The Mojave tribe lived in houses near the banks of the Colorado River. The houses were raised on stilts in order to protect from the seasonal flooding of the river. Their houses were similar to the brush shelter homes called wickiups that were used by other Native Indian tribes.
Mojave, also spelled Mohave, Yuman-speaking North American Indian farmers of the Mojave Desert who traditionally resided along the lower Colorado River in what are now the U.S. states of Arizona and California and in Mexico.
The Mojaves were farming people. They planted crops of corn, beans, and pumpkins. Mojave men also hunted rabbits and small game and fished in the rivers, while women gathered nuts, fruits, and herbs.
The Indians in the Northwest Culture lived in wooden lodges. These buildings were rectangular buildings that each held several families. These buildings were built using a wooden frame. The frame was then covered with pieces of bark sewn together or wooden planks, or boards.
The Mohave, along with the Chemehuevi, some Hopi, and some Navajo, share the Colorado River Indian Reservation and function today as one geopolitical unit known as the federally recognized Colorado River Indian Tribes; each tribe also continues to maintain and observe its individual traditions, distinct religions, and
Trading with Other Tribes The Mojave traded for animal skins that kept them warm at night when it was cold. The Mojave tribe traded their crops such as beans, corn, and melons. They traded their clay pots the most to other tribes. In return they got shell beads to make jewelry and other food sources.
Language. The Mojave language is a Yuman language. It is in the same language family as Quechan and Maricopa.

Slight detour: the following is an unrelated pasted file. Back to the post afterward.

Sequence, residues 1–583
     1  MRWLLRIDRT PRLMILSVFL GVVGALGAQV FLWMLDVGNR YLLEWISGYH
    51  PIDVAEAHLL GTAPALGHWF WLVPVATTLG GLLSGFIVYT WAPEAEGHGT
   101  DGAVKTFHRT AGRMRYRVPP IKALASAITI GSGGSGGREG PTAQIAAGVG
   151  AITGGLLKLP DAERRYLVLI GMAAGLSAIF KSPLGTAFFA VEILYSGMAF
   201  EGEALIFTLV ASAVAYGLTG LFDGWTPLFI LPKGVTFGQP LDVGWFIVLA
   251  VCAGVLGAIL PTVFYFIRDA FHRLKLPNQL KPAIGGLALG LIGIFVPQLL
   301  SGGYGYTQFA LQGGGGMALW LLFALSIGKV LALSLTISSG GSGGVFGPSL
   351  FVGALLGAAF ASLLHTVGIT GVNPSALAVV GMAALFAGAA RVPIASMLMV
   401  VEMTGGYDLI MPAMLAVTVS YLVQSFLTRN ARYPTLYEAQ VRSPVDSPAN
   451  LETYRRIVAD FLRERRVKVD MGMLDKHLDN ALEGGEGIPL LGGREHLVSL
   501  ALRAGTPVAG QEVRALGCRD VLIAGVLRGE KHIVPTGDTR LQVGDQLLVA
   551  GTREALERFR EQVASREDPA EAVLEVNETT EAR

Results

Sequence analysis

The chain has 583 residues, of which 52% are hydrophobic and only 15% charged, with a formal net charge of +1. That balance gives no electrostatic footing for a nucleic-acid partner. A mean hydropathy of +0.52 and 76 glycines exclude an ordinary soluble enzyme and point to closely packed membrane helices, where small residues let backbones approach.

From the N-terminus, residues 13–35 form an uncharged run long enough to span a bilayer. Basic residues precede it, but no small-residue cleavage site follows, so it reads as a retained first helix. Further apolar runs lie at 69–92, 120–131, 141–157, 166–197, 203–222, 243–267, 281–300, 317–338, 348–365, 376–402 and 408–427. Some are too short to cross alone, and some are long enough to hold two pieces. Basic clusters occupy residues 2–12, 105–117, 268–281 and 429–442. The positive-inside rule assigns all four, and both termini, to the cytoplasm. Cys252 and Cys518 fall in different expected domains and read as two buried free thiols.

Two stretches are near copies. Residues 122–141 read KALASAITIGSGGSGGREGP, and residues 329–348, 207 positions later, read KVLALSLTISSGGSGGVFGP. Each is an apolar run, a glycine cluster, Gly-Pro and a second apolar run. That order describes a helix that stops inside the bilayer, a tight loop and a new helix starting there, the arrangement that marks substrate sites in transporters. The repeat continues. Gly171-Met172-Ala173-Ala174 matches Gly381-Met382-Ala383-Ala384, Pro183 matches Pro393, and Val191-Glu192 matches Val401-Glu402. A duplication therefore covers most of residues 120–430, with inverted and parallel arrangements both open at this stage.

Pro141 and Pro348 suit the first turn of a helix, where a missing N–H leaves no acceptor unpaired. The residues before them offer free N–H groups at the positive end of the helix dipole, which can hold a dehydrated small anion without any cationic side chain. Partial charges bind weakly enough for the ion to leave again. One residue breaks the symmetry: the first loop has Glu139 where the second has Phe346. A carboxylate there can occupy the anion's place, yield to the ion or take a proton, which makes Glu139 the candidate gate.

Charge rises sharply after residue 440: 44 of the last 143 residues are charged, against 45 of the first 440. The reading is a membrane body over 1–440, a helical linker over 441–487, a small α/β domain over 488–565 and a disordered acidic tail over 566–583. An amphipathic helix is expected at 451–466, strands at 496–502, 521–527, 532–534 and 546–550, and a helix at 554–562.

The name [ Mojave ] is composed of two Indian words, aha, water, and macave, along or beside. Aha denotes either singular or plural number. Mojaves translate the idiom “along or beside the water,” or freely as “people who live along the water (river).”
Stone pestles or long wooden pestles with wooden mortars were used to grind mesquite beans. They ” cooked ” fresh screwbean meal by putting the beans in an enormous pit lined and covered with arrowweed, and sprinkling them with water from time to time to turn them brown and sweet after “about a month”.
They made the tools and weapons out of many things like mostly animal skin from hunting,wood from near by trees, and rocks from well around them the desert has lots rocks. The bows and arrows were made of wood backed animal muscles to make them springier.
The spelling Mojave originates from the Spanish language while the spelling Mohave comes from modern English. Both are used today, although the Mojave Tribal Nation officially uses the spelling Mojave; the word is a shortened form of Hamakhaave, their endonym in their native language, which means “beside the water”.
The Mohave were among the few Southwestern nations that fished for their food. They did not make canoes like other tribes; instead they used rafts and poles to travel to different fishing spots. The Mojave tribe differed from many other tribes in that they did not wear moccasins.
First, most people are surprised to learn that the Cherokee did not live in Tipi’s. That is mainly because the American Indian that we see in Westerns almost always lives in a Tipi. The Cherokee originally lived in South Carolina, Kentucky, northern Georgia. Mostly in the area we call the Great Smoky Mountains.
Native Americans lived in many different types of housing. Read about tipis, grass houses, wattle-and-daub houses, pueblos, wigwams, longhouses, plank houses, and even igloos!
The Arapaho, Assiniboine, Blackfoot, Cheyenne, Comanche, Crow, Gros Ventre, Kiowa, Plains Apache, Plains Cree, Plains Ojibwe, Sarsi, Shoshone, Sioux, and Tonkawa. and were all nomadic tribes who followed the buffalo herds and lived in tipis.